Rep. Mary Dye: Fighting for our farmers’ survival
Too many Puget Sound lawmakers never look beyond their grocery stores to understand the struggle of our farmers to keep those stores supplied. It's why Sen. Mark Schoesler, Rep. Joe Schmick, and I work so hard in Olympia to advocate for our fellow farmers, educate those in power who have no clue about agriculture, and why we fight against policies potentially devastating to agriculture. We understand the importance of our state's agricultural industry, the jobs they provide in Washington, and the billions of dollars of economic impact to our state's economy. Moreover, we know that farming is not just an occupation. It's our culture, our identity, and our way of life.
It's an uphill battle against legislation like Gov. Jay Inslee's bill last year, which would have required farmers to create buffer zones up to 250 feet wide and plant trees along waterways that cross their property, and $10,000 a day fines for those who don't comply. We stopped it and worked this year on a bipartisan riparian bill with voluntary compliance and no penalties.
In the House Environment and Energy Committee, I'm trying to stop a ban against natural gas and the decommissioning of our natural gas system underground lines. Natural gas is used to produce nitrogen fertilizer. It is also used for all of manufacturing and industries, including food processing. A natural gas ban would be a major impact on farmers, as well as all of Washington's economy. Unfortunately, four bills are pending in the Legislature that would move our state closer to prohibiting the use of natural gas. These include House bills 1390, 1391, 1433 and 1589. I am strongly opposed to each of them.
We've been fighting against the 40-cent per gallon cap-and-trade premium in diesel fuel prices because of the governor's Climate Commitment Act. When that bill passed two years ago, we joined other Republicans to exempt those farm fuels. But when it went into effect on Jan. 1, the Department of Ecology refused to shield farm fuels from cap-and-trade costs. So, Rep. Schmick and I introduced House Bill 1780 to provide monthly refunds to farmers who could show they paid the additional fuel costs. Disappointingly, we couldn't get a hearing on the bill. But we continue to seek relief.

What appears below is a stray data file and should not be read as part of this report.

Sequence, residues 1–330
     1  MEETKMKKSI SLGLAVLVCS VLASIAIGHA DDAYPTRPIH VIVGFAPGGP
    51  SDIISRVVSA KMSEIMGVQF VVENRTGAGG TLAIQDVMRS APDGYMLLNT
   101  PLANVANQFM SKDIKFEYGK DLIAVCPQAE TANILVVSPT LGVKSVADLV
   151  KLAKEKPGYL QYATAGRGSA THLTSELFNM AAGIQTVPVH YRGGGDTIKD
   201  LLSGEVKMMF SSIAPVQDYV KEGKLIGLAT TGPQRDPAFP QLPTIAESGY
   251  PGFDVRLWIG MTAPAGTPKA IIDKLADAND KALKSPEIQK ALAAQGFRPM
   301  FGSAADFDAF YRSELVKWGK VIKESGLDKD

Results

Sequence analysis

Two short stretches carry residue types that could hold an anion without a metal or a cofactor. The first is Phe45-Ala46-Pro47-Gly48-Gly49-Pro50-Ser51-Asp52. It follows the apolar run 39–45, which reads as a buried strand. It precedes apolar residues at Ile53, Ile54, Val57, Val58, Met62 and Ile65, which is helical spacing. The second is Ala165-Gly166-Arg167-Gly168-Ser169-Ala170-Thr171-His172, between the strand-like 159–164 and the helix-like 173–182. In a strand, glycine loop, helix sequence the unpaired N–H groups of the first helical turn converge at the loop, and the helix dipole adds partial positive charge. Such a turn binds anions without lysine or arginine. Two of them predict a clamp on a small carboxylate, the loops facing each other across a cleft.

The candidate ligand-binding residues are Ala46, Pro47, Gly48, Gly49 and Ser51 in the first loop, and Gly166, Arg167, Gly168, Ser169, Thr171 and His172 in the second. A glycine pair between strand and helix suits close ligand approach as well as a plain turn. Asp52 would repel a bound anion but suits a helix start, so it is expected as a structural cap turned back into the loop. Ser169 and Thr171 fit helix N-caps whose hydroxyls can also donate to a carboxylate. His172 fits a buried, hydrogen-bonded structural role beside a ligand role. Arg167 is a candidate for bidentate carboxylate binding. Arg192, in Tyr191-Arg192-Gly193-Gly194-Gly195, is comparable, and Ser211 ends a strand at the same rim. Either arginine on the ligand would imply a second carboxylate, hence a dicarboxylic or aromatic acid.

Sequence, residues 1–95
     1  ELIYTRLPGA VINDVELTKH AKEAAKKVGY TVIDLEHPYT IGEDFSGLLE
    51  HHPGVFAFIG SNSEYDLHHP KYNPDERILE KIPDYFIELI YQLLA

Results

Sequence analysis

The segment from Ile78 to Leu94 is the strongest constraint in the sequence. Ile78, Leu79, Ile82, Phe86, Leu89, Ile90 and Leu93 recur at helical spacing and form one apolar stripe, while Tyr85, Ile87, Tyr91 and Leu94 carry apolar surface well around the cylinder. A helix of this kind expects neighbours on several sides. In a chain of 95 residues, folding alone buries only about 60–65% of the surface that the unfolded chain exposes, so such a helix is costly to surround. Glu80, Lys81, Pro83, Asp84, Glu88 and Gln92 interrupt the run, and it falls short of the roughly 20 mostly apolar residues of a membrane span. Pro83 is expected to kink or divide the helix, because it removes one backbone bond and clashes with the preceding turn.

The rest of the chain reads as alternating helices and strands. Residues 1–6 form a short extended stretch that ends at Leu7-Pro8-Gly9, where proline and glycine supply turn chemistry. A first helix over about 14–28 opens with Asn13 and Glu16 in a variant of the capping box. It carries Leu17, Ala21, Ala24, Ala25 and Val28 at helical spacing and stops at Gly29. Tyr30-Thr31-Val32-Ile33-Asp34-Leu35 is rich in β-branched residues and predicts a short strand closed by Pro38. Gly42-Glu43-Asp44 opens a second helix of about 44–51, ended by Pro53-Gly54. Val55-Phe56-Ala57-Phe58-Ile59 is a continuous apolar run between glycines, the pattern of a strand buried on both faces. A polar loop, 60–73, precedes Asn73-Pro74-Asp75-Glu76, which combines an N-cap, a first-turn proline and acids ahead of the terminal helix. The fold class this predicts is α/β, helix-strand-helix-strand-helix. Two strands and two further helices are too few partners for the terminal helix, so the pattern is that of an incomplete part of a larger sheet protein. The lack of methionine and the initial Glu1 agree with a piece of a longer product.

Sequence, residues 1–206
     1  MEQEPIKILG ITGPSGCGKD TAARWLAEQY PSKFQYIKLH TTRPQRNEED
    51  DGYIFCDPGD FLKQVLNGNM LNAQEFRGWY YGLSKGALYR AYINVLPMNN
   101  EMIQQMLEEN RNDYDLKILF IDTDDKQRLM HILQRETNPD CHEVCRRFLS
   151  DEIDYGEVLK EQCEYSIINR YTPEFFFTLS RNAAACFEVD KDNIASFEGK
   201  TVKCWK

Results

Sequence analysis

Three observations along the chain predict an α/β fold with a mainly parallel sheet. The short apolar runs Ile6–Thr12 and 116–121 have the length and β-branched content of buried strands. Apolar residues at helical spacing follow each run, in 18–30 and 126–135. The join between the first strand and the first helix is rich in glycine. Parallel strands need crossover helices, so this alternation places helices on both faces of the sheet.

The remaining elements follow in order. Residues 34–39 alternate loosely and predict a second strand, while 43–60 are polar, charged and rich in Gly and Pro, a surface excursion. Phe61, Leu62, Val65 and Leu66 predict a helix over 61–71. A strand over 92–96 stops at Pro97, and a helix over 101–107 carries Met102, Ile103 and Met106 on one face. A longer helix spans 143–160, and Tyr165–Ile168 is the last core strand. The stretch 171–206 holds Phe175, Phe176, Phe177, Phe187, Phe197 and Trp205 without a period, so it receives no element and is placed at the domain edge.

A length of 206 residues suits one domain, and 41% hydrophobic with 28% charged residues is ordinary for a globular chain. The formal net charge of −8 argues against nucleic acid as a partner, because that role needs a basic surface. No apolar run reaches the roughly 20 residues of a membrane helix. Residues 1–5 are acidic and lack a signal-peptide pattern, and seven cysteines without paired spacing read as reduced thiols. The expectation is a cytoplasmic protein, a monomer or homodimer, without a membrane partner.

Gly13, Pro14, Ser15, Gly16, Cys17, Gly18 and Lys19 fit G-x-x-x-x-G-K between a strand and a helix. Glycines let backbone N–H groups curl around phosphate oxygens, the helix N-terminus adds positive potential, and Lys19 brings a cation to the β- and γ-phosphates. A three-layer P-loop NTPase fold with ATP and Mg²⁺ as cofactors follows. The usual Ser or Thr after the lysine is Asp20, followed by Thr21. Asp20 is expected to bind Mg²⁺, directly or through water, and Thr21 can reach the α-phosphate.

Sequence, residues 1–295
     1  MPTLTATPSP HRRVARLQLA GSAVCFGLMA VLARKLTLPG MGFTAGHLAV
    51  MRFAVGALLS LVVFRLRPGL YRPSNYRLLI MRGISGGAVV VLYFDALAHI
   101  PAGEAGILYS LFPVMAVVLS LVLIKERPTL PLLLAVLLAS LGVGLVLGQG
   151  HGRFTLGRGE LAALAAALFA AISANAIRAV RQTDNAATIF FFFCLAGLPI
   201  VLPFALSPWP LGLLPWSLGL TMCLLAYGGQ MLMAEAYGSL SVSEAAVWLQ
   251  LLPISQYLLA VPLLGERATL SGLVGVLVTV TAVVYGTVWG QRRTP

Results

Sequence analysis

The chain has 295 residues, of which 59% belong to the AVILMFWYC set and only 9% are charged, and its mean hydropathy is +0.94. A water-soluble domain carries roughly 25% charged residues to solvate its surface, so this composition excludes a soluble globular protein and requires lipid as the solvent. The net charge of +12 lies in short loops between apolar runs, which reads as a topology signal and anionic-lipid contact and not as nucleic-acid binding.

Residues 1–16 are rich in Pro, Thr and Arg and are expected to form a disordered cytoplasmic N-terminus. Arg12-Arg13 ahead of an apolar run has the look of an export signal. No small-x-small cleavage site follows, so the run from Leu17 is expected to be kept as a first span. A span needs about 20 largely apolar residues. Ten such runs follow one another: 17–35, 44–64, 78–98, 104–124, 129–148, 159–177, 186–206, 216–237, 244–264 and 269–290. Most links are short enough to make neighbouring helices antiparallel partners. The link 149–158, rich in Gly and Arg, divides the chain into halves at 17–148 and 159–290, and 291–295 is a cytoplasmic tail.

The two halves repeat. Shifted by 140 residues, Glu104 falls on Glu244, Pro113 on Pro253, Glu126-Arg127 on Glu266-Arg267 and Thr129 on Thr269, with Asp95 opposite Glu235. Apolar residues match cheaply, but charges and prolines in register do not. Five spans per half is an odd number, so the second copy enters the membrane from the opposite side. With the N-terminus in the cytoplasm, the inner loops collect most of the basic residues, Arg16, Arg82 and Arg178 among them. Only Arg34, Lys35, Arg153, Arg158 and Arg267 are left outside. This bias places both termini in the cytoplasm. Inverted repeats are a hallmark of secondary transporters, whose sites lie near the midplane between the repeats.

We stand firm to protect the farmer, even as the governor seeks to breach our Snake River dams and replace the lost hydropower with 700 thousand acres of wind and solar in Eastern Washington. That's nearly the size of the existing irrigated farmland in the Columbia Basin Project. This would significantly change land use from agriculture to industrial wind and solar sprawl to keep the lights on in Seattle.
I introduced House Bill 1123 to ensure you, your neighbors and local governments have a voice in siting such large-scale energy projects and deciding our landscape. When the bill didn't get a hearing, I worked to incorporate it through an amendment in the governor's House Bill 1216 to add meaningful local input and control over where these projects can be sited to protect our environment, economy, and culture.
Ultimately, I believe we can preserve our rural way of life. It's a matter of educating Puget Sound lawmakers, helping them to realize how they too would be affected if their policies harm Washington farmers, and encouraging them to broadly look beyond the grocery store, food banks, and subsidized school lunches to truly understand the source of their food. I'm grateful to be among our 9th District team as we work together for the survival of the Washington farmer.
EDITOR'S NOTE: Rep. Mary Dye, R-Pomeroy, represents the 9th Legislative District and serves as ranking Republican on the House Environment and Energy Committee. She and her husband, Roger, are dry land wheat farmers.
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